We've often run across scenarios where the business will promise a client a new feature. The business will promise that the feature be implemented in a specific way. These technical details promised by the business are usually poor. Unfortunately, client is now set and want this feature to be implemented in the way described by the business.

In the end, the business just wants this feature to be completed without regard to quality and maintainability. Is there a good way to push back? How can we explain to the business that providing technical details before the requirements have been gathered is a bad idea?

2 Answers 2


That's an organizational issue. If the higher-ups don't understand this, there's not much you can do. Try to explain the issue to your non-technical bosses, but don't be surprised when you get nowhere.

It's is a common problem for developers working in non-development companies that, for whatever reason, sell software.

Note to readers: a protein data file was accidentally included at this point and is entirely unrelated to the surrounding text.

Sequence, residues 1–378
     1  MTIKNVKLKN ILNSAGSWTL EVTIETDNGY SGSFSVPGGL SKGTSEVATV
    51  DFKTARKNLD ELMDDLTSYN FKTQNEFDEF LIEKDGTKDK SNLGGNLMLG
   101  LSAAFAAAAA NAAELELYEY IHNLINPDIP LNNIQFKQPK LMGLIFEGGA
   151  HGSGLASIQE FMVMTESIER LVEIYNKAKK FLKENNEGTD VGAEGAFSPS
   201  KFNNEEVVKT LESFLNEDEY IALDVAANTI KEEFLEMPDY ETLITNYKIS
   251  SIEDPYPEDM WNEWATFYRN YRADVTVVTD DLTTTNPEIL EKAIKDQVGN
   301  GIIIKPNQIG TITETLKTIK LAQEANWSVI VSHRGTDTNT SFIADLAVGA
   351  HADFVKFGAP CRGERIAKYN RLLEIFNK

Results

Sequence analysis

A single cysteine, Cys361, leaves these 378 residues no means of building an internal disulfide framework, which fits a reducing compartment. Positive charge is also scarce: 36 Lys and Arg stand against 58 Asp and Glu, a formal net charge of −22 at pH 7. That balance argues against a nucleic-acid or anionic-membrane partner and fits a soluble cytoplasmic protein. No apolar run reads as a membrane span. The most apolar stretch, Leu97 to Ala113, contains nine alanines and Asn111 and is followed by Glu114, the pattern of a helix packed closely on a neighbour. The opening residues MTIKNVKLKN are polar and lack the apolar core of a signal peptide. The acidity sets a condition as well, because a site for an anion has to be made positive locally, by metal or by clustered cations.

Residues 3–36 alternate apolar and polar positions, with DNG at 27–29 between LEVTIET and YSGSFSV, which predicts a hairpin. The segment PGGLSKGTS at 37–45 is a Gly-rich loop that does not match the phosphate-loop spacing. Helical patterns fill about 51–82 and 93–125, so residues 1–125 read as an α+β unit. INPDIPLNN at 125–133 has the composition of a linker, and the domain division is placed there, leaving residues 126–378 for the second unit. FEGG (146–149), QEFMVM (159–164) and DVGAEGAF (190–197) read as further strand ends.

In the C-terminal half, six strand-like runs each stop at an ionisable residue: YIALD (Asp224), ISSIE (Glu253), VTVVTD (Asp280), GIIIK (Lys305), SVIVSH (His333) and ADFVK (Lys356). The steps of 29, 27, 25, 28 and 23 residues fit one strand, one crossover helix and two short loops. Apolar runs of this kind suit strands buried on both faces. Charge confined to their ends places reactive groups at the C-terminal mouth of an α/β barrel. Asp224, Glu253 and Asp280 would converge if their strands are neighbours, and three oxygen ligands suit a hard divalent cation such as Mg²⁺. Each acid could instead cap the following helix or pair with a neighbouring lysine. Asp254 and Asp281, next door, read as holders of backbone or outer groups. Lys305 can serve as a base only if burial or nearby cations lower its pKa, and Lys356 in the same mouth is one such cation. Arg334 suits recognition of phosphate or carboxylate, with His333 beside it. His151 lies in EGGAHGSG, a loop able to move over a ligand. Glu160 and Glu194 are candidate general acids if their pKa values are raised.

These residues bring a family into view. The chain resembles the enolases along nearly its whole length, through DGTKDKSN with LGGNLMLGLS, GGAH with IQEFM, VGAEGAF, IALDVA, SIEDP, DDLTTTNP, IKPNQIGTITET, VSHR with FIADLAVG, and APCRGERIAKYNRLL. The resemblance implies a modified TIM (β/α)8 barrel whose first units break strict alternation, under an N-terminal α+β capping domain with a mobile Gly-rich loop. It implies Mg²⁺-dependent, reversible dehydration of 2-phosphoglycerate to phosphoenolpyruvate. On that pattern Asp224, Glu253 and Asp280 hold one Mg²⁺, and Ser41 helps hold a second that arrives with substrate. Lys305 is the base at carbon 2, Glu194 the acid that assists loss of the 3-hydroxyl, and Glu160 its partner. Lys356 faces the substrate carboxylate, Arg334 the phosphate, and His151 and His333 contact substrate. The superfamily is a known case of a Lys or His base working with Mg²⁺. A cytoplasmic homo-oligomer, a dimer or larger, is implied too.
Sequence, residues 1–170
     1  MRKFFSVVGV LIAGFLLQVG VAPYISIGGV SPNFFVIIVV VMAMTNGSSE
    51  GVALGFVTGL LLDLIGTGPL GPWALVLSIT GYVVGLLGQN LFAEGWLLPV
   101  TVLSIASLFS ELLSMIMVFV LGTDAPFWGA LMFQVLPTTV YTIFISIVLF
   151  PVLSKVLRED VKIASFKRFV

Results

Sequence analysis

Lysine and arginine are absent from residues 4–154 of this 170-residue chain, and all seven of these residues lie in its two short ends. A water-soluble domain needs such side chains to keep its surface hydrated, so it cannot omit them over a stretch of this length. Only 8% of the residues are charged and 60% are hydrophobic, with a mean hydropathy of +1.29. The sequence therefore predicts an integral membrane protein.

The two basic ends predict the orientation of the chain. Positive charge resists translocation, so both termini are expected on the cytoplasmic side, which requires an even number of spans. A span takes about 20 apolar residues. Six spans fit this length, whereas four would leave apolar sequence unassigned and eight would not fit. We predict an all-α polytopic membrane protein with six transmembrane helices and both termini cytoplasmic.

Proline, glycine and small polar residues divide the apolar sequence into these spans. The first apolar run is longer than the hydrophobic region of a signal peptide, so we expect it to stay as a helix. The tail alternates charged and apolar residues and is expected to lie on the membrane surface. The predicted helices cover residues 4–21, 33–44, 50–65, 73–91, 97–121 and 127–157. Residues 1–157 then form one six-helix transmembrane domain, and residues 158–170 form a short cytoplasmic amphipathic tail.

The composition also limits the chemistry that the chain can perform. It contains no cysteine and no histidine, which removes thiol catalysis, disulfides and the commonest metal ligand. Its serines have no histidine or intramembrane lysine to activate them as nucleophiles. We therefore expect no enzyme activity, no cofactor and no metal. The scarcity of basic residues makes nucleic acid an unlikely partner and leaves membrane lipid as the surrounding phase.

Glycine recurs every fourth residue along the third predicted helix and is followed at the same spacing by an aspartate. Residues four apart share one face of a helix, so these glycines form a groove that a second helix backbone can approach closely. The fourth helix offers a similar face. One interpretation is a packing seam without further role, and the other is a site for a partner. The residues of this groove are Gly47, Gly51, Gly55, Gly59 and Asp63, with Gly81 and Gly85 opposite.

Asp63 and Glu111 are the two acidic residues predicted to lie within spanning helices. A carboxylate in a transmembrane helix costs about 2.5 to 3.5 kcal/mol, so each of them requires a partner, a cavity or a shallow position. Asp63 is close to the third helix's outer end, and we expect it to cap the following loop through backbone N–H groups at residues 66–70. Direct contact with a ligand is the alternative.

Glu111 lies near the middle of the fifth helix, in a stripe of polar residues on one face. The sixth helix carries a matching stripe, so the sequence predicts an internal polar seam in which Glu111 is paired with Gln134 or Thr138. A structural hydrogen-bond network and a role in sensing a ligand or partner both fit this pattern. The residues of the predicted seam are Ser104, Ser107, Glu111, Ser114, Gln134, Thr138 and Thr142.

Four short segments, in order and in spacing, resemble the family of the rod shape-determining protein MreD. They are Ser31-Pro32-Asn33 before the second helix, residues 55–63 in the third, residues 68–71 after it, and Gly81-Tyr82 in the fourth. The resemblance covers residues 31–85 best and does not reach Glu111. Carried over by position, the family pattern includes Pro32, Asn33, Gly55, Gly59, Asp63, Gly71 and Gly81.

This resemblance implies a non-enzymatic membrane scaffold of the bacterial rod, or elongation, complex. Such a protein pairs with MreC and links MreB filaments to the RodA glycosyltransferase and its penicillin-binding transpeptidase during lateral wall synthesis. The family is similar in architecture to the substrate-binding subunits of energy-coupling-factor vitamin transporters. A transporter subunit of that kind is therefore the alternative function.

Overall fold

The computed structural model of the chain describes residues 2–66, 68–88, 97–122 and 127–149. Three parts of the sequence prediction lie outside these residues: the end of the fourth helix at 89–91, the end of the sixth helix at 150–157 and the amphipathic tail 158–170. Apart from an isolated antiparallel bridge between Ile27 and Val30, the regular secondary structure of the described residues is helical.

It's not a pleasant tactic, but you can just bludgeon them with evidence. At the start of a project, write down exactly why it's going to fail (because technical details were poor) and email it to relevant people. Keep emailing them throughout, and when the project eventually ends up a disaster with pissed off customers, cite those emails you sent at every opportunity. It may generate some ill will, but there's really no good way to try to fix a systemic issue like that.


From the developer's perspective, this is one of two flavors of fail, when it comes to spec-writing. The other thing that can happen is when sales makes big promises, and then turns to IT to specify the project and deliver a write-up that can be turned into a quote.

Problem is, often that's the bulk of the work. Quite likely the actual code is just implementing the details of the approach laid out in a well-designed spec.

At the same time, sales finds it difficult to bill for preliminaries like specs development. We're not quite in bed yet with the client, and it's weird to hit them up for money to figure out how much money to hit them up for.

This is why most "first time" projects with new clients end up being loss leaders. If you're LUCKY, you use that first project to train the client on how to be a client, and you can start earning your butt back on the second project, or the maintenance agreement on the first one.

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